COUNTIES IN NORTHEAST, MIDWEST CONTINUE TO OFFER BEST ACCESS TO U.S. POPULATION, STUDY SHOWS
COLUMBUS, Ohio – While locations in the Northeast and Midwest continue to be most accessible to the largest concentrations of people in the United States, research shows that areas in the South and West are making inroads.
A new study examines, for each county in the continental United States, how much of the nation’s population lives within a certain distance of the county’s center. The result is a population “accessibility” score for every county.
This research is important because cities and counties often tout accessibility to a large proportion of the nation’s population as an advantage as they try to land new business and industry, said Morton O’Kelly, co-author of the study and professor of geography at Ohio State University.
O’Kelly and a colleague examined how accessibility scores changed from 1990 to 2000 and found that the leading edge of top-tier accessibility has inched southward from the Midwest and Northeast to include significant portions of North Carolina and Tennessee.
“The increased prominence of southern locations in the top tier reflects the cumulative effect of migration of people from the Frost Belt to the Sun Belt,” O’Kelly said.
“We know that much of the population growth in the 1990s was concentrated in the South and Western United States and this has improved their accessibility to concentrations of population.”
In fact, results showed the five counties with the largest percentage growth in accessibility scores between 1990 and 2000 were all in one Western state -- Arizona (Maricopa, Pinal, Gila, Pima and Yavapai counties).
But while these Western counties have had large percentage gains in accessibility, they are still far behind the major Northeastern metro areas in terms of overall access to population and sheer number of people added over time.
The top five counties in terms of the most people added within 50 miles between 1990 and 2000 were all in New Jersey and New York (Morris, Somerset, Bergen and Union counties in New Jersey and Richmond County, New York).
O’Kelly conducted the study with Mark Horner, a former graduate student at Ohio State, now an assistant professor at Southwest Texas State University in San Marcos, TX. Their results are published in the current issue of the Journal of Geographical Systems. O’Kelly said the study was designed to give a national perspective on the issue of accessibility.
“We see chambers of commerce in many cities and counties brag that a given percentage of the nation’s population is within a day’s drive of their location, as if nowhere else were accessible,” he said. “We wanted to offset this local measurement with a more panoramic view of accessibility at a national scale.”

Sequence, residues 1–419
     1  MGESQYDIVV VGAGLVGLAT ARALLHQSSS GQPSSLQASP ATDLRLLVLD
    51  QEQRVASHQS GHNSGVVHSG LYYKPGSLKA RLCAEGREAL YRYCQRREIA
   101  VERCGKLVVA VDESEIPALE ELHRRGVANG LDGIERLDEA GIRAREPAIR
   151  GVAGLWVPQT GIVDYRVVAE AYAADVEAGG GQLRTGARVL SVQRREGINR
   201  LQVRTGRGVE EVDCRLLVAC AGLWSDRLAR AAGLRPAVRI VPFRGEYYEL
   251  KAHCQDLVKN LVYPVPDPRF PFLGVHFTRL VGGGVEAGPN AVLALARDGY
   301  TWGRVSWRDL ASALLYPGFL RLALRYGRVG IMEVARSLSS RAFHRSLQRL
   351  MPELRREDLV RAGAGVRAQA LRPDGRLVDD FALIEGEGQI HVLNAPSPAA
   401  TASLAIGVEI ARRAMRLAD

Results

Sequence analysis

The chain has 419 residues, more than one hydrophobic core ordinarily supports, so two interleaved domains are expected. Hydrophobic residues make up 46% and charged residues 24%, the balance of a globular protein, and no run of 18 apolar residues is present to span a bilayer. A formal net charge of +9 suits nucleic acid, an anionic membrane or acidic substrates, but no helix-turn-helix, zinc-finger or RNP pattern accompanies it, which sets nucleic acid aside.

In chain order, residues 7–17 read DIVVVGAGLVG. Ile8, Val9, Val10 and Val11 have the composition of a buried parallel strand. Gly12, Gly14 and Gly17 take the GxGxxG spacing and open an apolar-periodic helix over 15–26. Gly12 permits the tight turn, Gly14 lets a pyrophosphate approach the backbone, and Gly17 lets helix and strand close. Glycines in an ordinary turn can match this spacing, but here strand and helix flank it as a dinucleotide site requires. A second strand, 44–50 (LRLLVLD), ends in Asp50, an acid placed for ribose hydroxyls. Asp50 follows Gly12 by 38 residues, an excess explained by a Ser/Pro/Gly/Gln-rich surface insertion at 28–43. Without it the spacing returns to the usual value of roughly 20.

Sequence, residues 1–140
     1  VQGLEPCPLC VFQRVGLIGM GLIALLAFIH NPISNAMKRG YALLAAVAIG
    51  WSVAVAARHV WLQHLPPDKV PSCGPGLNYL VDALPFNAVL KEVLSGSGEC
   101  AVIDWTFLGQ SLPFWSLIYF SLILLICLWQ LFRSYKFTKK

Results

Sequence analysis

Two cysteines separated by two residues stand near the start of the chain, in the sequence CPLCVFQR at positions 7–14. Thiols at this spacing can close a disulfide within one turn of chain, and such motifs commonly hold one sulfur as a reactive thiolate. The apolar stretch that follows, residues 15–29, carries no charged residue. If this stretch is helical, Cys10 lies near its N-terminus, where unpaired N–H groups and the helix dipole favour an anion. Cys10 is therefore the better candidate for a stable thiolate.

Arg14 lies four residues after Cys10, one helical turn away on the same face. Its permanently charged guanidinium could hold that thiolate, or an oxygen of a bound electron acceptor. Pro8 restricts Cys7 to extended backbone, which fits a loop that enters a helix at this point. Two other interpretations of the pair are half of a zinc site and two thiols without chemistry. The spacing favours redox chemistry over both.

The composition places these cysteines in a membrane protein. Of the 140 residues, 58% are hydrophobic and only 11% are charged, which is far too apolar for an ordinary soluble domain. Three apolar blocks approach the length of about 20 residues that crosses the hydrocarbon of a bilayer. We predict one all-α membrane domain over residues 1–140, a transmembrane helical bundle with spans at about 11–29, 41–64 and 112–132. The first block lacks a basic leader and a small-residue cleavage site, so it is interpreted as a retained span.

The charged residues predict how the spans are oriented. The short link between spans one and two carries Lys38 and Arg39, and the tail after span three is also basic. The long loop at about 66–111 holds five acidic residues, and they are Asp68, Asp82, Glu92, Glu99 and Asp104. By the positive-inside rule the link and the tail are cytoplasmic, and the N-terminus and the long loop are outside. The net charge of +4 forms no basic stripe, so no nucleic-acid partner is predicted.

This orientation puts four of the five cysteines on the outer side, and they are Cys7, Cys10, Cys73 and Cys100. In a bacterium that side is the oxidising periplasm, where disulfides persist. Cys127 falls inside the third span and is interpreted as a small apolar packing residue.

O’Kelly and Horner examined accessibility using several different measurements. They examined populations within 50 miles of a county, and also within 100 miles. They also did calculations in which they gave diminishing weight to population as the distance from the county increased. There were some differences in results, but overall trends were similar. For example, no matter how they did the analysis, the top five accessible counties in the United States were, not surprisingly, in the New York City metropolitan area.
In general, the Northeast counties were most accessible and accessibility scores declined as you move west until reaching California. Between 1990 and 2000, accessibility scores were flat or even declined in many of the counties of the Plains states, the Mississippi River basin and the Appalachian region as a result of flat or declining populations.
In addition to looking at changes in accessibility between 1990 and 2000, the researchers also went back to 1940 to see more long-term changes.
While the counties with the largest percentage growth in accessibility scores between 1990 and 2000 were all in Arizona, the results for 1940 to 2000 favored Florida counties. In this 60-year span, the greatest gains in accessibility were in three Florida counties (Broward, Miami-Dade, and Monroe counties) as well as two counties in Arizona (Maricopa and Pima).
In terms of the largest number of people added within 50 miles of a county, the top five between 1990 and 2000 were all in New York and New Jersey. But between 1940 and 2000, four of the top five were in California (Los Angeles, Ventura, Contra Costa and Fairfield counties) and only one in New York (Nassau County).
Overall, trends in accessibility are relatively stable, O’Kelly said. However, as this study showed, growth in areas of the South and West will make some of the counties there more appealing to businesses looking for access to large populations of potential customers.
“If you’re a franchise owner or a media conglomerate, you want to know what kind of population is around you that you can easily reach,” he said. “The Northeast and Midwest still leads, but there is strong growth in parts of the South and West.”